Authors: Erik Gamm

Recently, growth in Colorado’s government sector has sustained a tepid level of statewide employment growth despite slight declines in the private sector. In November, however, private-sector job losses overwhelmed public-sector growth to the tune of a net loss of 700 jobs across the state. November was the third consecutive month of private-sector decline; what appeared over the previous two to be only an anomaly is now revealing itself as an alarming trend. The private sector has now lost 4,900 jobs since August and 2,100 in the last month alone.

Once again, data revisions by the BLS have proven its initial figures of Colorado’s private-sector job losses to be underestimates. Last month, the BLS reported that Colorado lost only 200 private jobs; this month’s revisions place the true loss at 900. Likewise, the initial estimate of government job growth in October (1,700) was revised down to 900. As a result, rather than adding 1,500 jobs in October, as was reported last month, the state actually gained a net of 0.

Manual labor and resource extraction industries continue to underperform. Colorado’s construction sector lost 200 jobs in November and is now 2,200 jobs below its employment level of January 2020. The manufacturing sector lost 1,600 jobs and the state’s mining and logging sector was stagnant, which makes November the 5th-straight month with no job growth in those industries.

Key Findings—Colorado November 2023 Employment Data

  • Colorado’s private-sector employment declined for the 3rd-straight month in November by 2,100 jobs. The last time Colorado experienced consecutive months of private-sector job loss was during the early months of 2020.
  • Colorado’s government employment grew by a total of 4,100 since August, whereas Colorado’s private sector lost 4,900 jobs over the same period.
  • Colorado’s unemployment rate remained at 3.3% in November after four months of increases.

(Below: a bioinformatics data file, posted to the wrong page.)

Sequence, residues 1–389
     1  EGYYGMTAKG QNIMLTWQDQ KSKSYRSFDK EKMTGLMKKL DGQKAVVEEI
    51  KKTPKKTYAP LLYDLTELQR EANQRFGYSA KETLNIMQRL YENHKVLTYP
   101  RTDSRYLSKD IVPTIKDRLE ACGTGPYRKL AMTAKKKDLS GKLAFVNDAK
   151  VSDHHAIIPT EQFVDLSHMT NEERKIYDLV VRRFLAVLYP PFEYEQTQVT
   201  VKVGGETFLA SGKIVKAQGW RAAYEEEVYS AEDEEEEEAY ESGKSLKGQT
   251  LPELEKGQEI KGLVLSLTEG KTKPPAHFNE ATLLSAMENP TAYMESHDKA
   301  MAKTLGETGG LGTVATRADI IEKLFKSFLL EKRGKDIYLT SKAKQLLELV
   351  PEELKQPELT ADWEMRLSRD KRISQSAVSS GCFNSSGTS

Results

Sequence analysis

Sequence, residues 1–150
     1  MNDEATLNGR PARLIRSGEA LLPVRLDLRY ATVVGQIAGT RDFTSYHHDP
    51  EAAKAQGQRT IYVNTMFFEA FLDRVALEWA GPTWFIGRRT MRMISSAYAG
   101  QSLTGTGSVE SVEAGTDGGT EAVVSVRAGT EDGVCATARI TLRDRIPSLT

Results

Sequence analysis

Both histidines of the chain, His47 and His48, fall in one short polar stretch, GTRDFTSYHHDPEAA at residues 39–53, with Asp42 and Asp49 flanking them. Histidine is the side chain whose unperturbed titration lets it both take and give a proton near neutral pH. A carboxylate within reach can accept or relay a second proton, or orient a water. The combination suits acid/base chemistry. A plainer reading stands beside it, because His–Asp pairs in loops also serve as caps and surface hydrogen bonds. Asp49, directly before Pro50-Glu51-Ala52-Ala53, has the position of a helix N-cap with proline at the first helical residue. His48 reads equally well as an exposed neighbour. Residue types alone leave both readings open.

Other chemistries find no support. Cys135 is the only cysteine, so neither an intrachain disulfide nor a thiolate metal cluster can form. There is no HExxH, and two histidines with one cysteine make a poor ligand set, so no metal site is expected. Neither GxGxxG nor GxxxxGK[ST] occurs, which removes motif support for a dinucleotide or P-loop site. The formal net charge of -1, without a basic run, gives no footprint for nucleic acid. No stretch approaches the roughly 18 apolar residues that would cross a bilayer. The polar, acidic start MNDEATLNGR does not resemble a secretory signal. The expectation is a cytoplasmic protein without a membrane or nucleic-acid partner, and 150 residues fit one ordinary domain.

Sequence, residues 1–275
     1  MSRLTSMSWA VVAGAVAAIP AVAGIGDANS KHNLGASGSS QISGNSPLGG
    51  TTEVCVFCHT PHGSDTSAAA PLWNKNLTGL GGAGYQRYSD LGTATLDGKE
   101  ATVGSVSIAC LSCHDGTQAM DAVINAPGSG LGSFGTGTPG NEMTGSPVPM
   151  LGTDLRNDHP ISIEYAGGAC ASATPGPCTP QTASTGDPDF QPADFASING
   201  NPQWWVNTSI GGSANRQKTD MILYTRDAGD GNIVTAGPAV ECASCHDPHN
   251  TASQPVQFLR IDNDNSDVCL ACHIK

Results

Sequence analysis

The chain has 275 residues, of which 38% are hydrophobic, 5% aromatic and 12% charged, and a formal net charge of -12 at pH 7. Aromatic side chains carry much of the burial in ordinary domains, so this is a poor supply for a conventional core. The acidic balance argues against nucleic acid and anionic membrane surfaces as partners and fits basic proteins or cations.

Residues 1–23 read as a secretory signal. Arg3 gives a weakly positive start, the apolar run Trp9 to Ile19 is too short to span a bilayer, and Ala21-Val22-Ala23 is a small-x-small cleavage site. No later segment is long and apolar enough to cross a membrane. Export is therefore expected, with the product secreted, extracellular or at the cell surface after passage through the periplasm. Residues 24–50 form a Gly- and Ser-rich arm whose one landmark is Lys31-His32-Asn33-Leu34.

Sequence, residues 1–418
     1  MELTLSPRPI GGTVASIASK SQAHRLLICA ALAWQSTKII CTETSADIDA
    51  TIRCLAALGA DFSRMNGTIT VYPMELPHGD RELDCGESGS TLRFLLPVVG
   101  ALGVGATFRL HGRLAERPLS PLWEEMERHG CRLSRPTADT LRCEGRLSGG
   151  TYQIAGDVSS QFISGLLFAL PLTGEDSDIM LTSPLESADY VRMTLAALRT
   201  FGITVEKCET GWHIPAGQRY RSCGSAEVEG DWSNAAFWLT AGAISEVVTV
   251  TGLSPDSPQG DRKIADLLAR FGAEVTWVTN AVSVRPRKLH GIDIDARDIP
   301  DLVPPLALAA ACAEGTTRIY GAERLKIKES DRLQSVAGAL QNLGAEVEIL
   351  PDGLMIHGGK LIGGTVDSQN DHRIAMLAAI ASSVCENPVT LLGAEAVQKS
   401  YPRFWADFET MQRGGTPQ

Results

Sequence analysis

• Colorado’s LFPR (labor force participation rate) remained at 68.4% in November after two months of decline.
  • Colorado’s construction sector continued to shrink in November and has not added more than 100 jobs in a single month since April 2023.
  • According to the BLS survey of establishments (CES), Colorado has never recovered to a pre-pandemic employment-to-population ratio.
  • According to the BLS survey of households (LAUS), which captures both traditional jobs and self-employment, Colorado is currently exhibiting an employment-to-population ratio lower than its pre-pandemic level.

A Deeper Dive into Colorado Industries (BLS CES Survey)

  • After disparate growth throughout the summer and consistent decline through the fall, Colorado’s private sector lost 2,100 jobs in November.
    • The professional and business services sector lost 100 jobs and the manufacturing sector lost 1,600.
    • Local government employment increased by 200 while the state and federal governments added 400 and 800 jobs, respectively.
  • The leisure and hospitality sector added 94,700 jobs between January ‘21 and November ‘23 and has grown by 3.87% since Jan. 2020.
    • Colorado’s information-sector employment fell by 800 in November. This sector has grown by only 1,800 jobs since January ‘21.
    • The state’s trade, transportation, and utilities sector lost 1,500 jobs.
      • As a share of Colorado’s total employment, the professional and business services sector has grown by over 7.7% since the start of 2020 (see the graph below).
      • Since January 2020, employment in the mining and logging sector has decreased by 17%, reducing its share of state employment by 19.8%. This is likely the result of a combination of global trends and state policy.The pandemic caused a major shock to the composition of Colorado’s job market in early 2020 and may have induced some structural change in the long run.

Colorado’s LFPR (labor force participation rate) remained at 68.4% in November after declining during the two previous months.

Key Findings—Colorado November ‘23 Labor Force Data (FRED)

  • The current LFPR of 68.4% is .5 of a percentage point below January ’20’s LFPR of 68.9%.
  • The unemployment rate remained at 3.3% in November—substantially higher than its November ‘22 value (2.8%).
  • The national LFPR of women decreased by 0.1% to 57.5%, which is .3 of a percentage point below its pre-pandemic level.